Over the past few years, IHOP has been pushing modern marketing and menu items while encouraging lunch and dinner visits. And Wall Street and Main Street have started taking notice.
The brand, which often gets overshadowed by its flashier sister, Applebee’s, is being touted by parent company Dine Brands as the approachable one who takes just the right amount of risks.
“I think we’ve got a lot of momentum going in the brand right now. It’s really based on a few things. Number one at our core is, we’re a fun brand. We do a lot of fun stuff,” said Jay Johns, who has been IHOP’s brand president since June. “I think we’ve kind of reignited that passion for IHOP over the last year or so.”
The party started in the summer of 2018 when IHOP became IHOb, at least temporarily, to promote its new steakburger line. The brand embraced the buzz and the confusion — “Did they really change their name?” people asked.
A year later, when the brand released a new line of burgers, they embraced the naysayers or those who said IHOP should stick to pancakes. The menu items were clearly burgers, yet the brand called them pancakes. To be fair, one of the burgers included a pancake between the bun.
Whatever you call them, the burgers were a splashy way to get customers to think of IHOP outside of breakfast. Attracting customers to the afternoon and evening daypart is one of Johns’ most significant initiatives.
“We are the king of breakfast, but we’ve got restaurants that are open 24 hours in most cases, so we need to have great food and great products and great experience for guests 24/7,” he said.
The brand’s most recently daypart-defying promotion was a chicken and pancake menu, which quickly tripled the amount of chicken its stores sold, said Johns.
“Even when the campaign ended, we’re still selling double the amount of chicken we were selling before. So it’s been very well received,” Johns said. “I think this is an example of where we’re moving our menu, to having relevant items that are great for lunch, great for dinner. We’ll still have great breakfast any time of day, [but] we want to give guests what they want.” And that’s increasingly lunch and dinner classics like chicken and hamburgers.
Breakfast, though, is where executives believe they can win in catering. Off-premise generally is a focus for the brand and for the whole of the Glendale, Calif.-based company.
As Dine Brands CEO Steve Joyce sees it, IHOP has a chance to take business breakfast catering from the likes of Panera, a brand dominating the segment.
“Panera is the only one that went after it aggressively, and they’ve built quite a lead,” Joyce said. “We actually think, though, that given the offerings that we have, that most customers would rather have an IHOP breakfast than a Panera breakfast, and we think we have wider menu options for lunches and snacks than you can have at Panera. Obviously, they’ve done well with it, and they’ll continue to do well. We think we have something to offer that’s really interesting.”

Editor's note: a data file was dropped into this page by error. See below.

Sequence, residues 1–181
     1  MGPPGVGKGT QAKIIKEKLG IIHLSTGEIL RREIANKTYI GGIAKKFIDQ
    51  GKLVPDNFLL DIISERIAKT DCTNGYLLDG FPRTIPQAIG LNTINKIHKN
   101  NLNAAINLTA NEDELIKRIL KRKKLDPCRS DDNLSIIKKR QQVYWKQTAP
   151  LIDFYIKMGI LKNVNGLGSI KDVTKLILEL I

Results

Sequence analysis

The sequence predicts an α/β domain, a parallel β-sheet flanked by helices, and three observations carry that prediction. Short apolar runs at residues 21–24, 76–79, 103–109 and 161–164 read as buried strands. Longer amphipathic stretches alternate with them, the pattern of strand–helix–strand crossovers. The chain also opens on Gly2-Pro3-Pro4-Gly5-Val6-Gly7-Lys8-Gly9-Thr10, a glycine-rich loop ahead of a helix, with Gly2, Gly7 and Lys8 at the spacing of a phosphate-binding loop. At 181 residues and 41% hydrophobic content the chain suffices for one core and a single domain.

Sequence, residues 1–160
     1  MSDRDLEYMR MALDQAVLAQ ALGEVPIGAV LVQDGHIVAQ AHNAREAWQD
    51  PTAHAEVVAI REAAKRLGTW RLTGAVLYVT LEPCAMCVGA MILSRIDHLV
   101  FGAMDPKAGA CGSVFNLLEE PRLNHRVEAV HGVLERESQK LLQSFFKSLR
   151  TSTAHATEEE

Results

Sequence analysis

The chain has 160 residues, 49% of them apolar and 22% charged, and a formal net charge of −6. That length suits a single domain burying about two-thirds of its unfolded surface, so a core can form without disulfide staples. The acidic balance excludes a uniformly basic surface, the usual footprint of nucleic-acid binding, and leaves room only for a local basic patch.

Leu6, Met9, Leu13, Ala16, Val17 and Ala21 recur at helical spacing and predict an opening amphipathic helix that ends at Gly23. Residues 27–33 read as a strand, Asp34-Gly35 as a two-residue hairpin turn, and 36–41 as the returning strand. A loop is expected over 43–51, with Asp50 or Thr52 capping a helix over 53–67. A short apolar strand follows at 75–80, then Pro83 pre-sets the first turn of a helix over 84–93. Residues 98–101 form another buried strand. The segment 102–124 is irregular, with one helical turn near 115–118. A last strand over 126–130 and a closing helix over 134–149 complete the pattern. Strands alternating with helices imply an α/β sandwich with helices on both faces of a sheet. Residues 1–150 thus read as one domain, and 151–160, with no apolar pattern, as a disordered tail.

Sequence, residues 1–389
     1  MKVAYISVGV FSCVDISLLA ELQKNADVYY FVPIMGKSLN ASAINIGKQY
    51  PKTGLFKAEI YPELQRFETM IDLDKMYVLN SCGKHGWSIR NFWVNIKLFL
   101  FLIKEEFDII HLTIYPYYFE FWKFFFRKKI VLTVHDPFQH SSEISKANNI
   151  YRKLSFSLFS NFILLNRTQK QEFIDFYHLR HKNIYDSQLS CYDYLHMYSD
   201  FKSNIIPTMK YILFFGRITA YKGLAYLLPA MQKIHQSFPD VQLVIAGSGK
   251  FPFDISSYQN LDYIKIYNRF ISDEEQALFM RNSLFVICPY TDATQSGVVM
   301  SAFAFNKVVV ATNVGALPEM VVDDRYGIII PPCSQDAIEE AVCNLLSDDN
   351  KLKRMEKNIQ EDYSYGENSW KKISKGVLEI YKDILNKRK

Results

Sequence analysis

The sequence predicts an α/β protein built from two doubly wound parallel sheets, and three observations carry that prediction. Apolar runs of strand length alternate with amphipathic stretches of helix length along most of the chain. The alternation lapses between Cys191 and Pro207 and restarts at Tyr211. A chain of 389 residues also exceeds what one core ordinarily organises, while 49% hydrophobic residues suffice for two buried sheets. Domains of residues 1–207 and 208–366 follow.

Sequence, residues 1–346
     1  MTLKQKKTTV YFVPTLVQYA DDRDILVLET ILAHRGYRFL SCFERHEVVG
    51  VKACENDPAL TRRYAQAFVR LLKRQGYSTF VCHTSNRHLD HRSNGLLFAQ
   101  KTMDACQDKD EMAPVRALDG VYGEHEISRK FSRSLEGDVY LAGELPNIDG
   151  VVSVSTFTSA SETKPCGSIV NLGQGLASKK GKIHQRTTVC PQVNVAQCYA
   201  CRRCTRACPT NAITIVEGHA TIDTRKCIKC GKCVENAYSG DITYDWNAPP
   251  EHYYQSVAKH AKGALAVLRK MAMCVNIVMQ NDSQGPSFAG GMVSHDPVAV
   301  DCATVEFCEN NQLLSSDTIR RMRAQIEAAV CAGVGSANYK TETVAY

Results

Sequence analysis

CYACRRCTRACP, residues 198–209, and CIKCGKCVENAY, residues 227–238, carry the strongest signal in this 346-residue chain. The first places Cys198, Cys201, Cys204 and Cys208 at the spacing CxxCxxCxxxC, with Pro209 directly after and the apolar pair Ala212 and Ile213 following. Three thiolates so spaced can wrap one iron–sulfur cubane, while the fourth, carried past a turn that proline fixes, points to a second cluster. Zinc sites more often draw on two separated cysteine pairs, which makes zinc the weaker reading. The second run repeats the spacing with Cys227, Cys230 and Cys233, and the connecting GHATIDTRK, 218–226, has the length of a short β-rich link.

Joyce sees IHOP catering attracting a wider audience than just business breakfast, though.
“The other one that is equally as interesting to us is family occasions,” he said. “If you’re doing a family brunch after a first communion, or a baptism, maybe some sort of school graduation, and you don’t want to cook, but you want to entertain your family on an extended basis, that’s a great opportunity for IHOP.”
During the latest earnings call, executives noted that off-premise makes up about 9% of sales. The company has an immediate goal to grow to 15% of sales. Off-premise comparable restaurant sales increased by approximately 24% in the third quarter, ended Sept. 30. IHOP also saw its seventh consecutive quarter of overall positive comparable restaurant sales growth last quarter.
That sort of growth is impressive, restaurant analyst Mark Kalinowski said. “IHOP is taking advantage of their breadth of the menu, the brand strength that they have and consumer desire for convenience, and putting that all together.”
Generally, IHOP should be on Wall Street’s radar, he added.
“Applebee’s seems to get more attention, but yet IHOP generates the majority of this company revenues,” Kalinowski said. “Wall Street would do well to understand IHOP better.”
In late October, IHOP announced the largest multi-unit development deal in its history. The brand plans to develop nearly 100 IHOP restaurants with TravelCenters of America.
Roadtrippers are just the latest demographic IHOP is targeting as the restaurant welcomes everyone. Executives like to note what might be a surprising fact to someone who hasn’t been to an IHOP recently — half of IHOP guests are under 35 years of age. The implicit message here is, “This is not your grandmother’s IHOP.” Although, of course, she’s still welcomed.
“What’s made us great for her over 60 years is we have this unique multigenerational appeal,” Johns said. “We have all these younger people and kids that love coming in, and then they become parents, and they become grandparents, and they just kind of keep coming.”
Contact Gloria Dawson at [email protected]
Find her on Twitter: @GloriaDawson